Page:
By Jake Watt
4th June 2017

After sitting down in a cinema in Sydney’s Paddington to watch Aki Kaurismäki’s ‘The Other Side Of Hope’ and scrunching up my legs so an old man could squeeze past me, my friend nudged my elbow. “Do you smell that...?” she whispered. “That, ugh... smell? I have a very sensitive nose.”

“Nope,” I replied, taking a sip of coffee from a disposable cup. I couldn’t smell anything and I wasn’t eager to change seats now that the film was starting.

Bad decision.

When it was announced after the release of Finnish director’s Aki Kaurismäki's last film - the charming, multiple award-winning ‘Le Havre’ (2011) - that it would be followed by another film covering similar topics and themes, fans of world cinema have been eagerly waiting for his next effort.

Six years later, we get ‘The Other Side Of Hope’ (2017), a film with a timely political message once again telling the story of a refugee encountering a European local. The film follows Syrian refugee Khaled (Sherwan Haji) after he emerges, blackened, from a pile of coal on a ship docked in Helsinki, Finland. He has been wandering all over Eastern Europe trying to find his sister, the last survivor beside himself of his Syrian family. He, of course, speaks no Finnish so has to communicate with Finns in English. We also watch a parallel story about a gruff Finnish man (played by Kaurismäki regular Sakari Kuosmanen) who leaves his wife, sells his business and starts up a restaurant which eventually leads him to meet Khaled.


Khaled keeps running into violent hostility alternating with poker-faced kindness and... wait, there actually was a weird smell in this cinema!

I strained my olfactory senses to pinpoint where it was coming from. Suddenly, I heard the old man six seats to the left of me let out a tiny, stealthy belch. Then another and another. With each micro-burp the high, sweet stench of digestive juices floated down the row with renewed strength. I tried to snap my concentration back onto the film.

Timo Salminen's cinematography is on point in ‘The Other Side Of Hope’ with excellent use of framing and colours and often static by nature. There is nostalgic, popular and Finnish "tango" (ballad-singing) music, and mise en scène is characterised by vintage elements from old cars to typewriters as well as classic Hollywood lighting. This extremely economic narrative means a wordless act such as the placing of a ring on a kitchen table can say more than slab of dialogue. The acting is deadpan and the actors' delivery is laconic to the bone. In terms of tone, Kaurismäki's film lies securely in between tragedy and comedy, cynicism and humanism, melancholy and laughter. Kaurismäki films are known for their dry humour but in this one the humour is so dry it nearly evaporates.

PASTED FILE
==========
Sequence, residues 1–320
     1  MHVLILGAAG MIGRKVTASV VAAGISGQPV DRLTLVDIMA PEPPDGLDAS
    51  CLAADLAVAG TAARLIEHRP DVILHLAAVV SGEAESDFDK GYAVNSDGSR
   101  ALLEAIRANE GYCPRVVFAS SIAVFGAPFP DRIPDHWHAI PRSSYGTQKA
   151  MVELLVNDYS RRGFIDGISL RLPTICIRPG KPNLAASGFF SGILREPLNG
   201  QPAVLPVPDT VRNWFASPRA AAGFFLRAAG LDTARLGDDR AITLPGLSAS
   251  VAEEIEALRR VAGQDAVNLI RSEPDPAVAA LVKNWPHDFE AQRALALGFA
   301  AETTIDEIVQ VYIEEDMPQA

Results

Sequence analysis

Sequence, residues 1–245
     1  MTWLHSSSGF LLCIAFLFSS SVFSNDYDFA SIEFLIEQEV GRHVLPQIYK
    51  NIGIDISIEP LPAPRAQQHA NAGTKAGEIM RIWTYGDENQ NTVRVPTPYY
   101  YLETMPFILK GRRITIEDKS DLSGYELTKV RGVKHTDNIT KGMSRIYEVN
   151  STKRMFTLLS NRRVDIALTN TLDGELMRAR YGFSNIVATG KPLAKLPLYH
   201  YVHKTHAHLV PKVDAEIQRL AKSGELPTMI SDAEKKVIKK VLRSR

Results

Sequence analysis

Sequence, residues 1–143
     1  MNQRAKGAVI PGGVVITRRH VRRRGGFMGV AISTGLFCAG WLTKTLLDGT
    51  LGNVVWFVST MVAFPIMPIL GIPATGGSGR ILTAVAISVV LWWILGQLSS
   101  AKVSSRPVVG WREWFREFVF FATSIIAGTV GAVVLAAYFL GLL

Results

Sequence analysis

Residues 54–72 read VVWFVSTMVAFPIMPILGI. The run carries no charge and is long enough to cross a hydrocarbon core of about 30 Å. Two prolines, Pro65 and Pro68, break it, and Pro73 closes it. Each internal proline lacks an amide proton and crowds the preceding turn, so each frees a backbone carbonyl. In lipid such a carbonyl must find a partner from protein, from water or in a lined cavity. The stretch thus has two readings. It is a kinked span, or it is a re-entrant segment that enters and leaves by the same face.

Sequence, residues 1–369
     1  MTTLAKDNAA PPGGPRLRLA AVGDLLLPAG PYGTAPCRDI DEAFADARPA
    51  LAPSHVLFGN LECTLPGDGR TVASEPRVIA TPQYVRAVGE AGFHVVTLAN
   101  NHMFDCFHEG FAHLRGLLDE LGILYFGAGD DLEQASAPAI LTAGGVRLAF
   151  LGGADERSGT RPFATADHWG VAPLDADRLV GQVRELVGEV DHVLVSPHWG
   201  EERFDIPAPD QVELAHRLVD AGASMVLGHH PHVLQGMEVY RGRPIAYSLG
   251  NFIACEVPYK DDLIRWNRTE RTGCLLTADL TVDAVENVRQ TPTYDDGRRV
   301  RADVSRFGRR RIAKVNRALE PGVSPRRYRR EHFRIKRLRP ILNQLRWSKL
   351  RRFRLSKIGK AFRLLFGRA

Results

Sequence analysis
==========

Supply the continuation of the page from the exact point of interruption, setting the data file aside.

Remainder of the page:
Kaurismäki's film lies securely in between of tragedy and comedy, cynicism and humanism, melancholy and laughter.

About an hour into the hour-and-a-half film, we had moved several seats over to try and escape the belcher, who I assumed had a reflux problem. Still, the odour stalked us through the theatre, creeping over empty seats. My abdominal muscles clenched as if I had been doing stomach crunches. I used my empty coffee cup as a makeshift gasmask, holding it over my mouth and nose. Still, that frog-like “burp... burpburpburp” sound came faintly from my left. Glancing to my right, I noticed my friend was slumped sideways in her seat, leaning towards the exit. Was this smell bad enough to render someone unconscious? I turned and stared dumbly ahead at the screen.

The strangers of ‘The Other Side Of Hope’ find comrades in each other without a need to announce it. They are the global working class with no nation. They are a plural bunch whose shared humanity overcomes individual differences. In a key scene echoing ‘Le Havre’, there is a moving montage of human faces as the refugees in the reception centre listen to a wordless ballad by Khaled.

While ‘The Other Side Of Hope’ is unapologetically moral and political in its message and agenda, it also comes across as a good piece of cinema with poetry all of its own, I thought, cradling my churning stomach. Then the film ended and the credits began to roll, I lurched out of my seat and burst through the cinema doors, gasping, inhaling cool, fresh air.

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